The Workbench

NJDTSD!

1

New Jet drum thickness sander day for Daddy. Got tired of the tear out I was getting with my knife planer when using figured wood. Looked at the Performax sander for years but was always just out of reach.

The new Jet sander is the same design. I rarely buy machines made overseas, but this one is a sweetie. Went on sale so I grabbed it.

Now my flame maple and claro walnut boards plane down smooth and flat without any tear out.

3

Machines made in the USA are harder to find all the time. Many of my daily use machines were made in the US by Delta. My reasoning for buying Delta or Powermatic equipment was that these venerable manufacturers would be around forever and parts would always be available. Wrong!

Northfield is about the only American company left that makes a broad range of machinery. Wonderful machines that require a fork lift to move and three-phase power to operate. Jet, Grizzly, and Taiwanese Powermatic are about the only choices for small shops.

Looks like is nice little sander!

4

Ow man I'd love to have a thickness sander! Nice one!

5

Machines made in the USA are harder to find all the time. Many of my daily use machines were made in the US by Delta. My reasoning for buying Delta or Powermatic equipment was that these venerable manufacturers would be around forever and parts would always be available. Wrong!

Northfield is about the only American company left that makes a broad range of machinery. Wonderful machines that require a fork lift to move and three-phase power to operate. Jet, Grizzly, and Taiwanese Powermatic are about the only choices for small shops.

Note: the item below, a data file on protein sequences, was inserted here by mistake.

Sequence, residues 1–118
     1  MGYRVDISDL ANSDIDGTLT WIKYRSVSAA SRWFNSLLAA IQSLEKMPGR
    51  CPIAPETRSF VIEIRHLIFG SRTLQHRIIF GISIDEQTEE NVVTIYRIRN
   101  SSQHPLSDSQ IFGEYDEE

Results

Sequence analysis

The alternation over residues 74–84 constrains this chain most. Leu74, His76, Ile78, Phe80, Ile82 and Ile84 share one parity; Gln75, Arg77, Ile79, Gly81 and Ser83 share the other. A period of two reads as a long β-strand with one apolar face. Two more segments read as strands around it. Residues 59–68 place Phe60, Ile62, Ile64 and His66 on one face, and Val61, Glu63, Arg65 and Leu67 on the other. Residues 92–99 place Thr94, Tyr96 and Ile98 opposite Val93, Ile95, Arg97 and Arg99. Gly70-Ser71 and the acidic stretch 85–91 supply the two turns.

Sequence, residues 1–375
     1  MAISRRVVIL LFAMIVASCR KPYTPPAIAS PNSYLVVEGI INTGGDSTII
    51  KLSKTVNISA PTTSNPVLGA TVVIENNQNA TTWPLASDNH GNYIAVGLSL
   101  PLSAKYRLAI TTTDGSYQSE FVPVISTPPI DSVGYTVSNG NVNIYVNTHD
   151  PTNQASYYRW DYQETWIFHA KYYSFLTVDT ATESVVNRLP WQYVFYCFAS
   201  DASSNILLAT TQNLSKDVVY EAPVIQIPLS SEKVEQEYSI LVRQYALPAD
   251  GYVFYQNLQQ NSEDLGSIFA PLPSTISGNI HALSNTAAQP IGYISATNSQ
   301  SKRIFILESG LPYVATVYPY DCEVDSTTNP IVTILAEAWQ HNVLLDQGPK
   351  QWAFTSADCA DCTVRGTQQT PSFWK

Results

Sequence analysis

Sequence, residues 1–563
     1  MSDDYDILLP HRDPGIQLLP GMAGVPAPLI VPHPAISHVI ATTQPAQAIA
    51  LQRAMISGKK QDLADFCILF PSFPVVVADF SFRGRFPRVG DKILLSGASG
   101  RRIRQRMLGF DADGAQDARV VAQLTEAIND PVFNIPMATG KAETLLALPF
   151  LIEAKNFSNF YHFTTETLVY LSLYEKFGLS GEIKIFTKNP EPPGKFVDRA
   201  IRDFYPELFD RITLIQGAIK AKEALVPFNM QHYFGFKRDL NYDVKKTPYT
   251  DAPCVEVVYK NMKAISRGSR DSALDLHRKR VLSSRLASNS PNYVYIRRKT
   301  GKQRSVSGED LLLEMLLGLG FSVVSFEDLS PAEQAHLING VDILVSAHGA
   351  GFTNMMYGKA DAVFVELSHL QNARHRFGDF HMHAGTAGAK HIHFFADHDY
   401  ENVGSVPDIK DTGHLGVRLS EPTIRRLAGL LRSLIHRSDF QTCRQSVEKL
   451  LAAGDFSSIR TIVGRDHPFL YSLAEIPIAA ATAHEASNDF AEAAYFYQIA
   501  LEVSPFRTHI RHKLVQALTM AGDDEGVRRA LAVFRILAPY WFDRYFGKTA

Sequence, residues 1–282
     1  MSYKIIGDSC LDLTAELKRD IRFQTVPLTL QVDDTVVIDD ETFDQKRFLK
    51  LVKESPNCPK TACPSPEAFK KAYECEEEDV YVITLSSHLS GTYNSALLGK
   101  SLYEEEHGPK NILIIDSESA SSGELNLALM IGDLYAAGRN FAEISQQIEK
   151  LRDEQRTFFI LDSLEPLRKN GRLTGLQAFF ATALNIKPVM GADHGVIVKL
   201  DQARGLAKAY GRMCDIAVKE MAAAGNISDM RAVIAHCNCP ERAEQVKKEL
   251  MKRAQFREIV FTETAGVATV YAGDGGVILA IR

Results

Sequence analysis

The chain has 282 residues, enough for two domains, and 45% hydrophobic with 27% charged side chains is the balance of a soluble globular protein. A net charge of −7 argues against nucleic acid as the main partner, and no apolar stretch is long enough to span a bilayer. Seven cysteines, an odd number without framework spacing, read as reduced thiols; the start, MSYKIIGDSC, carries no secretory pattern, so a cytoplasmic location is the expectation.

Looks like is nice little sander!

– Viper

You and I are on the same page brother. The machines in my shop are all pre-1970s USA cast iron, a couple from the 1930s and 40s.

I thought long and hard before buying the Jet. I’ve needed a good thickness sander for a long time and the only nice US made Performax I’d seen for sale was just too big for my shop. So far everything I’ve seen and read regarding the Jet has been positive so I took the gamble.

I’m by no means a professional production shop, otherwise I would invest in a commercial 3 drum sander.

6

You and I are on the same page brother. The machines in my shop are all pre-1970s USA cast iron, a couple from the 1930s and 40s.

I thought long and hard before buying the Jet. I’ve needed a good thickness sander for a long time and the only nice US made Performax I’d seen for sale was just too big for my shop. So far everything I’ve seen and read regarding the Jet has been positive so I took the gamble.

I’m by no means a professional production shop, otherwise I would invest in a commercial 3 drum sander.

– Powdog

A shop I do some business with has a two-head Timesaver sander that they use to do sanding for everybody in town. This is a $30,000 machine with a footprint as big as a Toyota. The cost of the machine is the tip of the iceberg. It requires a huge dust collector to suck the dust, 3-phase power, and expensive belts.

For awhile I had a 36” Woodmaster drum sander made in Kansas City. Changing to finer grit belts was a huge pain. I realized it was faster to load the truck with whatever needed sanding and run it through the Timesaver. I do architectural stuff like doors, stair parts, and moldings, but I’m a one man shop and try to keep the overhead low.

7

Nice, Powdog! Again, you just have to love new tools!

8

Well done. Good tools are fun.

An old friend who has a pipe organ shop has been selling his woodworking tools. He had a 4' belt sander which must have been a pain to move.

9

I dislike having tool envy.


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